To find the cumulative probability to the left of 5.5 in a
Logistic(10) distribution, use:
CumLogistic(5.5, 10) → 0.01099
The collection also contains cumulative distribution functions for the F-Distribution, CumFDist and CumFDistInv, functions often used in classical hypothesis testing, even though these aren't built-in distributions in Analytica.
For any distribution function, the cumulative probability at x can always be computed using:
Probability(Distribution(a, b, c) <= x)
where Distribution(a, b, c) is the arbitrary distribution function. But, this method uses Monte Carlo or Latin Hypercube sampling, and so is only approximate in general. The cumulative probability functions in this library are analytic, and so the calculations are usually more accurate and faster.
Inverse Cumulative Probability Functions
Inverse cumulative distribution functions return the value where the probability mass to the left of the value is equal to the given value. These are included for all built-in parametric continuous distributions.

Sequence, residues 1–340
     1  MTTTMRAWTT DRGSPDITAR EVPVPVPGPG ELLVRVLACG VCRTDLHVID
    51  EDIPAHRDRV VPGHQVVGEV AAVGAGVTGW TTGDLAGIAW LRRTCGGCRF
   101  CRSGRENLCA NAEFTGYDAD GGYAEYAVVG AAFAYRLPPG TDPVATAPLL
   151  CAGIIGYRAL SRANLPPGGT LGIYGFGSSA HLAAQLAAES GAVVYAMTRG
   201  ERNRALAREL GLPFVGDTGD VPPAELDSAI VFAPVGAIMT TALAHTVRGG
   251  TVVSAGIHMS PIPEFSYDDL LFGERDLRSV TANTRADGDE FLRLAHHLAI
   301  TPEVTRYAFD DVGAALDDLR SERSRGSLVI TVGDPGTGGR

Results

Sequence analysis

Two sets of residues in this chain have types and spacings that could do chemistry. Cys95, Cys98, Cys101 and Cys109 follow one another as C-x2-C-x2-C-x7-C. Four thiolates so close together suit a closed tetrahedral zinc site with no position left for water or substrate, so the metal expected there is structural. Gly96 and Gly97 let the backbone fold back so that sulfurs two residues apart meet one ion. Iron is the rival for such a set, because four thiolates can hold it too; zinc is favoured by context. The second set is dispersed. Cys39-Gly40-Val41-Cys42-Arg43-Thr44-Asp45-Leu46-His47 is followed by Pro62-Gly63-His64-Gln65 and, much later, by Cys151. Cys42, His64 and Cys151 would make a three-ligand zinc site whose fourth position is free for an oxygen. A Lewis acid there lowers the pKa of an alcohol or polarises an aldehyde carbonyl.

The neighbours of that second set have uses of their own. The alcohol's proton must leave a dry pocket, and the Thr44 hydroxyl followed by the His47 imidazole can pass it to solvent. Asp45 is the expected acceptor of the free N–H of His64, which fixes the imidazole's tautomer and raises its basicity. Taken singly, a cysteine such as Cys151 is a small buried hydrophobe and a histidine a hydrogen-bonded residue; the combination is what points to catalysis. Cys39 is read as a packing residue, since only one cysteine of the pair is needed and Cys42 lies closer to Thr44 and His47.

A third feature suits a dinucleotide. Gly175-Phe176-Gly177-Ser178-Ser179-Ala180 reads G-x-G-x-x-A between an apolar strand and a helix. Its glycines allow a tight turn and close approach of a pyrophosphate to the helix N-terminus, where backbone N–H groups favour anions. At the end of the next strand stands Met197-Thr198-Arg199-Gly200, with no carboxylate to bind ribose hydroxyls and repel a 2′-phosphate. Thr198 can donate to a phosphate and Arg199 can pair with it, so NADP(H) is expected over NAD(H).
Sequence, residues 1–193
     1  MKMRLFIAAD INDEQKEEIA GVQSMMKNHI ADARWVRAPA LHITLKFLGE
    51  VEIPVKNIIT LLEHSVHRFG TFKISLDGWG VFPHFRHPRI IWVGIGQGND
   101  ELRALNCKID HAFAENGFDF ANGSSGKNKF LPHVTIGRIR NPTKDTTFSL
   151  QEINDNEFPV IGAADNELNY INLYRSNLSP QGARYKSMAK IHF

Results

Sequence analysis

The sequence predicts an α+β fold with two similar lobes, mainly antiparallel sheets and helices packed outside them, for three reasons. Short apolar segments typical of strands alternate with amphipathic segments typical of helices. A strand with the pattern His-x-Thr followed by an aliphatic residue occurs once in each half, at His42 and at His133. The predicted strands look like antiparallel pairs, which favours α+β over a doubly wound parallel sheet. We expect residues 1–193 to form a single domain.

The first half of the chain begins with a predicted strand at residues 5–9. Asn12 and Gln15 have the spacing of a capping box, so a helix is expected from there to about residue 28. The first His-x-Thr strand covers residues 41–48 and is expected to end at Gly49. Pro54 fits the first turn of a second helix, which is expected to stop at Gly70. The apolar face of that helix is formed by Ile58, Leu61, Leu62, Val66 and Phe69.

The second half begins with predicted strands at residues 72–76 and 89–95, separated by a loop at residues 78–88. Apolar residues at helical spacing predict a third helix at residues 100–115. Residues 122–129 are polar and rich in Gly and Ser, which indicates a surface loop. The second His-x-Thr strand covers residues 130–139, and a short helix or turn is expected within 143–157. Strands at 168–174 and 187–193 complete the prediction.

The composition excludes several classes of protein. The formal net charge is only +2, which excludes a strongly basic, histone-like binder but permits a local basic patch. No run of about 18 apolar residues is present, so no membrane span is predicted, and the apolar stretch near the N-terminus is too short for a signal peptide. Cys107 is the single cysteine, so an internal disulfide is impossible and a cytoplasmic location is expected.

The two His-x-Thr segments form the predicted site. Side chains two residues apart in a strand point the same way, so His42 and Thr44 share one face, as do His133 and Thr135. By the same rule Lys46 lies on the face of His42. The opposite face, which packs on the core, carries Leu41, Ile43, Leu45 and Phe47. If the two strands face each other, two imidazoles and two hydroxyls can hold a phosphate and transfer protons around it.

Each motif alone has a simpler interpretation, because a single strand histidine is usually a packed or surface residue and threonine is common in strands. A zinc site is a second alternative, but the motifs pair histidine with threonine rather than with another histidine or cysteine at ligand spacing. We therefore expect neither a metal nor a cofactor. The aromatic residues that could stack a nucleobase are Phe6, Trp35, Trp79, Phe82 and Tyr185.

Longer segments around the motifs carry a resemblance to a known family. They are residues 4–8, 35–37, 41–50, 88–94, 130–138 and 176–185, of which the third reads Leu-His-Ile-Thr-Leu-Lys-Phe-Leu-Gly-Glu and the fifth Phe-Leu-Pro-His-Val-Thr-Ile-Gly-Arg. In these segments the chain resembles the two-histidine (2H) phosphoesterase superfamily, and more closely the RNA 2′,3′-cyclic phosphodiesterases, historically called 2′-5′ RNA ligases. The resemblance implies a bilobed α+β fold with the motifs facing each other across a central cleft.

The inverse cumulative functions have the naming convention that they are prefixed with Cum and suffixed by Inv. So, for example, the inverse cumulative distribution function for Weibull is CumWeibullInv. The only exceptions are BetaIInv and GammaIInv.
As the name implies, the inverse cumulative distribution functions are inverses of the cumulative distribution functions. Thus:
CumDistInv(CumDist(x, a, b, c), a, b, c) → x
CumDist(CumDistInv(p, a, b, c), a, b, c) → p
where Dist is a distribution with parameters a, b, and c, and where x is within the valid range of the distribution and 0 ≤ p ≤ 1.
For any arbitrary distribution in Analytica, it is always possible to compute the inverse cumulative density at p using the GetFract function:
GetFract(Distribution(a, b, c), p)
Again, method with GetFract uses Monte Carlo sampling, where the inverse cumulative distribution is analytic and so is usually more accurate and faster. For complex distribution functions, that is often a reasonable method for obtaining the inverse. However, the general sampling approach using GetFract differs from the functions described here, in that the functions in this library compute the inverse CDF analytically, obtaining the value without necessarily resorting to simulation or approximation. For many distributions (the ones included here), this tends to produce a more accurate result and with less computation time.
Listing of functions in this library